print str(type(a)) + ‘n’ + str(type(a[3]))

Image 4: Playing around with a list.

You can call specific objects by using their index positions (like print a[1]), indexes start with 0. Values within lists are already assigned to string/int etc. data-types. Type function returns the data type of the variable being passed to it. For example, here data-type of ‘a’ was list, and data-type of ‘a[3]’, was int, as this points specifically to items on the third index. We will cover dictionaries in the second part of this tutorial series.

  • Example code 5: Including a library

Moving forward, let’s understand how to include a library. Some libraries like sys, etc. are by default a part of Python. But let’s say we need the library named ‘requests’, which is not part of the standard Python installation and we have to download it from its repo. We have three options here:

1. Use pip (I already have the requests library, so I got the ‘requirement already satisfied’ message).

2. Use Easy_install

Image 6: Installing library using Easy_install

So, pip or Easy_install? We have a very nice blog from my friend Sanchit on this.


3. Download the package from the official repo and follow the instructions for making it.

Figure out the option which suits you well and get over it. Go back to your editor and write code:

Going further, let’s divide the problem statement into subtasks:

  • Sub task1: sending a GET request to a URL.

Code Snippet 3: Sending GET request to a hardcoded URL and printing the response attributes.

import requests
req = requests.get(‘/’)
print ‘Response Code: ‘ + str(req.status_code)
print ‘nResponse:n’ + req.text

  1. Imported requests library in the second line.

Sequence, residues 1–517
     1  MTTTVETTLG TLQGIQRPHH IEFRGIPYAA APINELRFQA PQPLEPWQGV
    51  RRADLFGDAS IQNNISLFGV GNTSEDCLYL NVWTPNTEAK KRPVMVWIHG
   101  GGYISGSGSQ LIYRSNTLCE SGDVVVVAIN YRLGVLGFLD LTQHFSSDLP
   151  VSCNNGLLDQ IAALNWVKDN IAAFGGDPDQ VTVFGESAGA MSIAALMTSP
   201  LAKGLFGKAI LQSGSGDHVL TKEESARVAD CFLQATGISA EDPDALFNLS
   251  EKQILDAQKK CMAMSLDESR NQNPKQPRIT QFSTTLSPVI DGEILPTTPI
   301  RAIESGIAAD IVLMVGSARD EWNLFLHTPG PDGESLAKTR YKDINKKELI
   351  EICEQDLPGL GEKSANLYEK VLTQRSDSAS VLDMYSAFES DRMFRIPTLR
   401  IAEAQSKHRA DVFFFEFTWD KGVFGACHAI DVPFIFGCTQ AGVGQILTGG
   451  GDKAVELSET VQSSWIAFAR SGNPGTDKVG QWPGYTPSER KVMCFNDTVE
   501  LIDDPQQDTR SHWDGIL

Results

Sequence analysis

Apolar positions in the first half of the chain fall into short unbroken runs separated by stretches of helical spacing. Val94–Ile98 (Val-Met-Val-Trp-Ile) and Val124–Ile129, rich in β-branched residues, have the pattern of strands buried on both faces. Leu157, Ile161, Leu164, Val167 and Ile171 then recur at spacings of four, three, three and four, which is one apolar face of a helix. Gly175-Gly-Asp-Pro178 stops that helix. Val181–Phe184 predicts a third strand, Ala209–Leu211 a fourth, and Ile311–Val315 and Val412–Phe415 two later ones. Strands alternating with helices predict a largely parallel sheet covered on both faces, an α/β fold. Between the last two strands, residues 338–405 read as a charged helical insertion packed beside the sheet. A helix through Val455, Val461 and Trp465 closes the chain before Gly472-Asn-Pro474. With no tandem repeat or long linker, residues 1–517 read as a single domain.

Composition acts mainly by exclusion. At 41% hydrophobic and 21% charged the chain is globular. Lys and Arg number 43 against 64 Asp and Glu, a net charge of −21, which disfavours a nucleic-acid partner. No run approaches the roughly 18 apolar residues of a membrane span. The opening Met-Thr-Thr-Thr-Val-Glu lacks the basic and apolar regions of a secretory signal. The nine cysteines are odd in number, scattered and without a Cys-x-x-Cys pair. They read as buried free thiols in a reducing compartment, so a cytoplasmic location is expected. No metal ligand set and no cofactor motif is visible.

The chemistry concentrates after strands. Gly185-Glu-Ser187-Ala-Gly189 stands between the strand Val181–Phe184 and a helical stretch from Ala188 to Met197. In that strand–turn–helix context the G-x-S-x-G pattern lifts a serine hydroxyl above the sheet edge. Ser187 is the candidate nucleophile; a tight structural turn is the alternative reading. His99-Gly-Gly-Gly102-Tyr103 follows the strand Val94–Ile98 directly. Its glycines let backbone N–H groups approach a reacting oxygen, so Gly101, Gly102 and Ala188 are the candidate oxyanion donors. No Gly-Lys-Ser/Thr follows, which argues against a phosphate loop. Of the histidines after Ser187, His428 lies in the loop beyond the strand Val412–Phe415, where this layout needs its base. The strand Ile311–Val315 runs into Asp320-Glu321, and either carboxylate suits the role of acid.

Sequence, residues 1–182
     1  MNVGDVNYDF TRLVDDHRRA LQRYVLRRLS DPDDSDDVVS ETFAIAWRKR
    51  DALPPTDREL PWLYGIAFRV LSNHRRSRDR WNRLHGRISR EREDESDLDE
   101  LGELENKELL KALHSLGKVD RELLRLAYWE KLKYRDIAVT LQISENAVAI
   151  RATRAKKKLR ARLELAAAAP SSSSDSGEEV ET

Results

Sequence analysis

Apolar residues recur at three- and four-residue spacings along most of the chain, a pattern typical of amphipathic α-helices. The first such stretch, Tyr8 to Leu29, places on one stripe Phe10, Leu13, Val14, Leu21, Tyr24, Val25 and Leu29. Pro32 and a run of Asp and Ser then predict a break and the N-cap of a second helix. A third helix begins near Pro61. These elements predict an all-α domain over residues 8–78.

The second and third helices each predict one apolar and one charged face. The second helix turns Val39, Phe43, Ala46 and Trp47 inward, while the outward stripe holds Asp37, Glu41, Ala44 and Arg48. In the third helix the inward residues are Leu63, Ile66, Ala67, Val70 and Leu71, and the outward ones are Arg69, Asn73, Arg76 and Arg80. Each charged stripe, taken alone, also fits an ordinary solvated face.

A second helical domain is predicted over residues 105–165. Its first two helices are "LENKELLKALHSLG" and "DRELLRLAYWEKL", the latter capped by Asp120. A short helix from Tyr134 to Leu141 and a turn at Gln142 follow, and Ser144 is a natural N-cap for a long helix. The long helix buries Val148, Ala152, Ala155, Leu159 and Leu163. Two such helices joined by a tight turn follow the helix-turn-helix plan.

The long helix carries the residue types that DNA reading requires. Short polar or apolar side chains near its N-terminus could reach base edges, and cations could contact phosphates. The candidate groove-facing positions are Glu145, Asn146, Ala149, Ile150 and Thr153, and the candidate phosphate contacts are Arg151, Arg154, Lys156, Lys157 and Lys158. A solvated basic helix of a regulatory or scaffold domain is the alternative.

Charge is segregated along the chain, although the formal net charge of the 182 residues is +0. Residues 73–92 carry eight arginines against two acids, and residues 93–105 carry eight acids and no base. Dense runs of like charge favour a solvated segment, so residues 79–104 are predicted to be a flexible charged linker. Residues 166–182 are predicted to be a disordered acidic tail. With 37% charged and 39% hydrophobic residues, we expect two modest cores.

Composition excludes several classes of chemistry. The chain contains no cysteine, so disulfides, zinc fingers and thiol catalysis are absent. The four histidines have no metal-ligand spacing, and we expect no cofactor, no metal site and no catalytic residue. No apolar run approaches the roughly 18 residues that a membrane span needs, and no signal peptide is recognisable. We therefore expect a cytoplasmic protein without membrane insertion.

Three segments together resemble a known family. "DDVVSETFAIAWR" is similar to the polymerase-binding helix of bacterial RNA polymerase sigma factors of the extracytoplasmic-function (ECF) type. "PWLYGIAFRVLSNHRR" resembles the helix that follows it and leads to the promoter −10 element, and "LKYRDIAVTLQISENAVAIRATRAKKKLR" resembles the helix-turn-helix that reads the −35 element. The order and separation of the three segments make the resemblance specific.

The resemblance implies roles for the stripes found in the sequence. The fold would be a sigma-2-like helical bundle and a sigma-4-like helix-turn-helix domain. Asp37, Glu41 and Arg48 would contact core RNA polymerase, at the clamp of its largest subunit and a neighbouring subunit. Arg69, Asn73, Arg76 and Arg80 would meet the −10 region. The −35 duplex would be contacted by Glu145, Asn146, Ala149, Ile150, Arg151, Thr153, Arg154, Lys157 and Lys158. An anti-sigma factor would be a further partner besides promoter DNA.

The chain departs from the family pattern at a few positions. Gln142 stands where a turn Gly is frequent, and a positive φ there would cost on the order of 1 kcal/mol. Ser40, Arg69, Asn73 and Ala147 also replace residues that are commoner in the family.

2. Created an object req and used function requests.get and passed our URL to this.
  3. The req object has several properties, which can be looked at its documentation. Almost every function in a library gives you this sort of facility.
  4. Req.status_code gives the response code of the response, and req.text gives the whole content of the response.

Image 7: Sending GET request to a Hardcoded URL and printing the response attributes.

  • Sub task 2: take arguments from user.

There is a library called sys which enables you to interact with the system itself. On the least part of its use, we will receive input from the user by parameters. You can also employ the optparse library, which solves this purpose and comes up with a cool help menu too. We will cover that in our next blog post.

Image 8: Taking arguments from console.

  • Sub task 3: take input file from user and read from this file.

Image 9: Taking filename from user and reading the file.

Fopen is the object we created for opening the file. We are passing two arguments here, one being the filename and second being the mode of opening the file. Here the mode is r, which means read access, so basically you cannot write anything to the file, as only read access is granted. Below are the list of file access modes which can be used in place of r.

r Opens a file for reading only. The file pointer is placed at the beginning of the file. This is the default mode.
rb Opens a file for reading only in binary format. The file pointer is placed at the beginning of the file. This is the default mode.
r+ Opens a file for both reading and writing. The file pointer will be at the beginning of the file.
rb+ Opens a file for both reading and writing in binary format. The file pointer will be at the beginning of the file.
w Opens a file for writing only. Overwrites the file if the file exists. If the file does not exist, creates a new file for writing.
wb Opens a file for writing only in binary format. Overwrites the file if the file exists. If the file does not exist, creates a new file for writing.
w+ Opens a file for both writing and reading. Overwrites the existing file if the file exists. If the file does not exist, creates a new file for reading and writing.